Helen, Anton Jr., Francis (or Xavier), and Mary Urban (or Urbaniak)
These names seem close, but are still different enough it creates a question of whether or not it is the correct family. I double checked the cemetery and church listing for an Anton Washkowiak who passed away in 1907, but found nothing again. So lacking obvious evidence, I finally resorted to trying to solidify my argument that the Anton Washkowiak who died in 1907 was the son of John and Anna Washkowiak who was born about 1863. This is finally what led me to the mapping solution.
As you look through the documents above, you’ll notice almost every one has an address. So I thought if I could show all of them are located in the same house or area, perhaps that would be enough to support my conclusion. Of course I could have gotten out a paper map or just made a quick Google map and plotted everything out, but realized that would only help provide some proof of this one relationship. The Washkowiak family I’ve been studying has many members who lived all over the area. And as was the case with Anton, they tended to use very similar names making it confusing at times to track specific families. I also wanted to be able to filter out families by names and show which person they descended through and see how they moved over time. So I went down that rabbit hole trying to figure out how to create a useful map for studying where the Washkowiak family lived over time.
Fortunately it didn’t take me long to find a very cool map made by Derek Eder showing vacant and abandoned buildings in Chicago and a template he created for building similar maps. The very best part of it is Derek made this template available for anyone to use to create their own site. I figured I might not be able to quickly make as nice of a site as his, but with that template I knew I could at least come very close to making what I needed. So with a little work, I put together a map using a Google Fusion Table and set up a site on github to access and query it. Below is a screenshot of it – you can visit the actual map and play around with it by clicking the image:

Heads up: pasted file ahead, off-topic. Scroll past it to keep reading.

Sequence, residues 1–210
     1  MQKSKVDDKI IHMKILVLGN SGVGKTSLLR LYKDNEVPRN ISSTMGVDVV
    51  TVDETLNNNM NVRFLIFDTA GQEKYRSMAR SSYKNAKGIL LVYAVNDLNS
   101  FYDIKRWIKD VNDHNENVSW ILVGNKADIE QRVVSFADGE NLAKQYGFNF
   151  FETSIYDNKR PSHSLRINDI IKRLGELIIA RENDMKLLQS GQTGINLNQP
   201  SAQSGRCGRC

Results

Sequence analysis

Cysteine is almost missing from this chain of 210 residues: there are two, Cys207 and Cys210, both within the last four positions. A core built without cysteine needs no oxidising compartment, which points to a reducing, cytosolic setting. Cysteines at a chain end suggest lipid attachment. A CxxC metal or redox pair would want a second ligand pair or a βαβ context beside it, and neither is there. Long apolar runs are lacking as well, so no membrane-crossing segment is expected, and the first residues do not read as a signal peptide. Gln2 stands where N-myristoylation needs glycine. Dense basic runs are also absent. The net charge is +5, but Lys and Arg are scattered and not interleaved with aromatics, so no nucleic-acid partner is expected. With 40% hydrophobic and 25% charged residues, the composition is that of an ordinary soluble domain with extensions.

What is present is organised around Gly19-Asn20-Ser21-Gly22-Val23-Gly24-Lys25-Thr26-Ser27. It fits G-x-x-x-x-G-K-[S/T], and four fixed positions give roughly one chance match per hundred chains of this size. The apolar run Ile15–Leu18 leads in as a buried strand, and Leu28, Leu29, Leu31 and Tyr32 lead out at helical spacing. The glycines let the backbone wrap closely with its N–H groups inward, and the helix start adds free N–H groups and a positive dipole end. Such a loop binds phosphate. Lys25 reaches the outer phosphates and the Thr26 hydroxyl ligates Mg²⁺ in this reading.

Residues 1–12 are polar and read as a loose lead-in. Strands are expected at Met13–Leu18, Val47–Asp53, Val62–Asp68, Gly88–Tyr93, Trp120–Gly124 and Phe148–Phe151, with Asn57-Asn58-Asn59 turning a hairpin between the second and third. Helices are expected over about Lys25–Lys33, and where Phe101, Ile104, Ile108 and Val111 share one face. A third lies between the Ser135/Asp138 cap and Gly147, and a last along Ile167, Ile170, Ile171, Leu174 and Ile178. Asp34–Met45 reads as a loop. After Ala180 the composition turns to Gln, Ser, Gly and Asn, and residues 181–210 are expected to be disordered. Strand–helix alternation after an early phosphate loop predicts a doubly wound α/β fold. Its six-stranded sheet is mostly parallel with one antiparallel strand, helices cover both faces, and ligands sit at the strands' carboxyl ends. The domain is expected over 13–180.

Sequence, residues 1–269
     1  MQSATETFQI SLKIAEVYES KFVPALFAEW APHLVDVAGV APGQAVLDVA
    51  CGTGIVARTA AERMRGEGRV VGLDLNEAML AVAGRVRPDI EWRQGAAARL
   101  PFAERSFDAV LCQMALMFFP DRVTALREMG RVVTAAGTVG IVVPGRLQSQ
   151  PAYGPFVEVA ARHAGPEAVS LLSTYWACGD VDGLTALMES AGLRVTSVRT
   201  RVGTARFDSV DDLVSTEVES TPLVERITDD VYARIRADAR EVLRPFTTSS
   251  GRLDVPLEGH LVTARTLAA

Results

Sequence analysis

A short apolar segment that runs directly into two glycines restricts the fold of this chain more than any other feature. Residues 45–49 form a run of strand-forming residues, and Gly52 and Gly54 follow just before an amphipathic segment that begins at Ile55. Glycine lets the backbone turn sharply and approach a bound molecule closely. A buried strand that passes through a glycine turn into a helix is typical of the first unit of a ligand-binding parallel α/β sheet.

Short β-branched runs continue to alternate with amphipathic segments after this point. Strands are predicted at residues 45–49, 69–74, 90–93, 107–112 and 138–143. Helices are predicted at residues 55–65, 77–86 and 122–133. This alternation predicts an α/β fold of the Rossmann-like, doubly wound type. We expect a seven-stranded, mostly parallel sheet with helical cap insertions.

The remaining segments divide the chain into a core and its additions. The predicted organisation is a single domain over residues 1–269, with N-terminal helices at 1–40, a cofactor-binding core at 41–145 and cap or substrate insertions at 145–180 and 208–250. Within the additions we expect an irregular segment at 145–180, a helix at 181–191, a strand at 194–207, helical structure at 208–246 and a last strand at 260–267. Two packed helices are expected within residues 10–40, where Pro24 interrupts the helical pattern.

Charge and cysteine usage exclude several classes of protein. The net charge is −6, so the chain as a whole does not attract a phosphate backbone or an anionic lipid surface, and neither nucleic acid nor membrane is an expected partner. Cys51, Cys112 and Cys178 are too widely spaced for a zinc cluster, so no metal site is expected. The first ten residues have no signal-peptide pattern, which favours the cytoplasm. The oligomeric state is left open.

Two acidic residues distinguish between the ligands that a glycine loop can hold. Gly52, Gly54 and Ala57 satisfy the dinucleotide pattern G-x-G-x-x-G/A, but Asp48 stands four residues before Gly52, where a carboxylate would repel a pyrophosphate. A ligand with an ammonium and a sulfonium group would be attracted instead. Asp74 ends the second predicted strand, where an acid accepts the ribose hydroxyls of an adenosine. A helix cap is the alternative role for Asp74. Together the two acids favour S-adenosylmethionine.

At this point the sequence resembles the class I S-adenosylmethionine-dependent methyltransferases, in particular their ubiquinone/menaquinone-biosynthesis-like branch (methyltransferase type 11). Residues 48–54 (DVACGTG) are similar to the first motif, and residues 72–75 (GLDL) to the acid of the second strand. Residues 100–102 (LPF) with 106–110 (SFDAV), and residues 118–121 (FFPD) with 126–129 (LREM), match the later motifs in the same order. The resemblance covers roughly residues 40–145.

The map is set up to color code the locations based on decade. You can search the map for a specific address, but also for a name of a head of the family. Also, there is a slider so you can filter the locations based on specific time periods. I was also able to customize the pop up windows you see when you click a marker. This was important to me because so many of the families use similar names, I try to color code records for each person based on which child of John and Anna Washkowiak they descend from. So if the marker shows the location of one of these descendants, it is color coded based on the person from whom they descend. All of Anton’s descendants along with his records show up as pink.
While I only have had time to input a few addresses, there seems to be enough to show me the proximity between most of the addresses in the records noted above. As you can see below, they are all clustered in the block bounded by 8th and 7th Streets and Sterling and LaHarpe Streets in LaSalle. All of these appear to be members of the family of Anton Washkowiak, son of John and Anna so I am much more inclined to accept the death date of Dec. 15, 1907, for this son. And thanks to Google and Derek Eder and Anton Washkowiak I now have a cool mapping tool for locating ancestors of families I am researching!